Finally. I am back. AT&T DSL has my entire computer shut down for a few more hours, but at least I can tap out a post and upload it later.
So, we know some stuff about honorary trusts. We know that they can be drawn up to leave money for the care and upkeep of your animals. We know a “trustee” will use that money to pay for your pets care. But most importantly, we know that a trustee has real, articulated legal duties and a court can enforce what you put in your trust. That’s the biggie—a COURT can do something if your wishes are not followed.
So lets talk about some of the details that survey web-sites do not cover. We know you can leave money for the care and upkeep of your animals, but how much money??? That depends on the state in which your trust is administered. Some states have years of experience with honorary trusts and have refined their codes to reflect the problems encountered over the years. Some states have just recently enacted the code and have bare minimum guidelines that will grow and change as the courts are faced with the results of litigation over Poopsie’s bequest.
Lets talk about the 2 extremes. The most extreme law actually outlines what reasonable costs for care should include and may limit those costs to the actual bills for feed, Veterinary care and other essentials. They do not allow the caretaker to be paid for the time and effort of caretaking. This is still an improvement over nothing, but it is more readily applied to small pets then to horses. Finding a home for a Yorkee might be easy, but finding board for a horse that does not include the costs of handling and extras is harder. Horse board includes the labor for caring for the horse. It can be hard to tease out which part of the bill is for the actual hay and feed and which part is for the labor.
In addition, I have never been fond of laws that require you to be loved and popular for them to work. Yes, most of us have family and friends who may take in our pet if something were to happen to us, especially if there are no extra bills to pay. But no, not all of us do. Some people must depend on professionals to care for their animals if something were to happen to them. Some of us will outlive our friends and family. Some of us would prefer to have our horse or dog taken care of by a professional, but professionals rightfully expect to get paid.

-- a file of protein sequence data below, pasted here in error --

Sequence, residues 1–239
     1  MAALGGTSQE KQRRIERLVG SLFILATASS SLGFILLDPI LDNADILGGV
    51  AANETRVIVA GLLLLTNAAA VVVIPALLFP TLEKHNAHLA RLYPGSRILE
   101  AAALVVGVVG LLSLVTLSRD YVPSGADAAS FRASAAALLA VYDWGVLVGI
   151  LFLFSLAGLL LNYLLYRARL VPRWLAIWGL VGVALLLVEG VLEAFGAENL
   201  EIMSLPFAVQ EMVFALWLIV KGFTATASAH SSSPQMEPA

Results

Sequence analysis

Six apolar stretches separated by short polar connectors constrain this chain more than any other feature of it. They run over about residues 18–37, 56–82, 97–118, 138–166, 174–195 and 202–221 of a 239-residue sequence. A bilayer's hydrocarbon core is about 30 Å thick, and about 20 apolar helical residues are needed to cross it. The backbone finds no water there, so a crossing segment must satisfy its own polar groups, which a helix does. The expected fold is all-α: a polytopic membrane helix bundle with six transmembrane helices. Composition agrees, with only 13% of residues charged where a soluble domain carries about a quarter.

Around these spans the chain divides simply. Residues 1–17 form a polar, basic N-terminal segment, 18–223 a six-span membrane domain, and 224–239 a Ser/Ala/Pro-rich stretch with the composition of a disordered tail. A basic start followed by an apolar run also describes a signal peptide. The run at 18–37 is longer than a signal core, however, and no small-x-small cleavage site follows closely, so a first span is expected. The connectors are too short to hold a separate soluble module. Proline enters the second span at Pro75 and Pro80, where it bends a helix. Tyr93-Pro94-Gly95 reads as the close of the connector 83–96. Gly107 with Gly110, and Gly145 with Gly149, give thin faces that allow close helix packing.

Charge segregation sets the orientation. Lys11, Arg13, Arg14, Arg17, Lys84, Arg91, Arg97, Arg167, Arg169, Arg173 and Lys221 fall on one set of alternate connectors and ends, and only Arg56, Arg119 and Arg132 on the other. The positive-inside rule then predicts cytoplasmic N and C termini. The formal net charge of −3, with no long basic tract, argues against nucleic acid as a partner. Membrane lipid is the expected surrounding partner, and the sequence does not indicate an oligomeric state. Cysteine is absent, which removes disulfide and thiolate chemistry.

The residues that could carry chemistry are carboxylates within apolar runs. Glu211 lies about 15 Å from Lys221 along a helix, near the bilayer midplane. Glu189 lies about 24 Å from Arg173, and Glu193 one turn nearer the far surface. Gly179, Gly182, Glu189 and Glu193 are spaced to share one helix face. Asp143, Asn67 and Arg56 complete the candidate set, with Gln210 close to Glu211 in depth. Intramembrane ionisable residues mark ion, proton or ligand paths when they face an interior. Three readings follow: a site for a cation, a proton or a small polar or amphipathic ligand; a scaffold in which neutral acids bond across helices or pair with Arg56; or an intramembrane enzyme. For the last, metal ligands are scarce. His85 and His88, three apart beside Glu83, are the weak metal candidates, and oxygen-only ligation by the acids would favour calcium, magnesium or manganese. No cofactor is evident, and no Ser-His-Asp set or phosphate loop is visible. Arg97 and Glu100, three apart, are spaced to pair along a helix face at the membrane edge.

Next, what is the reasonable cost of upkeep? In the past few years costs have doubled and tripled. How can we plan for what it will cost to care for a horse a month or for a lifetime on 10 years? 20 years? I cannot even begin to imagine how to predict those costs in such a volatile economic climate. I think the key word is “reasonable” It may be very reasonable to play it safe and leave enough money for 10 times as much as it costs now and for twice as many years and we expect our animal to live. Unreasonable is probably leaving millions or billions of dollars like a recent hotel executive did. Anything over 1 billion is going to be seen as unreasonable.
The other extreme is a state where the code simply states you can use a honorary trust and they shall be enforceable by law. That’s it. No guidelines or case law to limit how you decide to use your money for your pets. A section of the code that states the law in place when the trust was created shall apply to the terms of the trust is great too. You should still limit your funding to a reasonable amount to avoid someone trying to overturn your trust, but no statements about how the money can be used or limiting paying for the care your animal receives is a better choice.
What? Did I say choice? That sounds off, doesn’t it> You can chose your laws? Yes, you can. You can chose your laws because you can chose any state to be the state your trust is administered in. You don’t have to live there, you don’t have to own property there, your animals do not have to be located there. At least one of your trustees must be there and the checks must come out of that state, but you can shop for the best state to have your trust administered in. Just like a corporation can chose a state that lets them pay very little taxes and gives then great protections (Delaware) trusts can be in any state you chose as long s that’s where they are administered. So a large NY bank can be the trustee of a large fortune and a small SC law firm can write your trust and administer it in SC for your pet. Cool, huh?
You, that horse owner in a state that does not have honorary trusts can still have one written and administered in a state that does. Nobody gets left out. You, that dog owner that lives in a state that will not allow your funds to be used for a boarding kennel can have a trust in a state that does. You must have a trustee in that state, but you can have multiple trustees. Your sister in CA can still be the one to decide what food your dog will eat but a trustee in some other state writes her the check to pay for the food. Administered means the under that states laws and somebody is doing the books in that state. It doesn’t mean you have to move there or ship your animals here on your death.
Do I hear a collective sigh from you readers???? Just find the best deal on trusts and then find a good trustee!
Which I will talk more about soon.
I wrote this whole post and did about 100 other tasks all while on the phone on hold with AT&T. I have spent most of the last 2 weeks on the phone on hold with AT&T.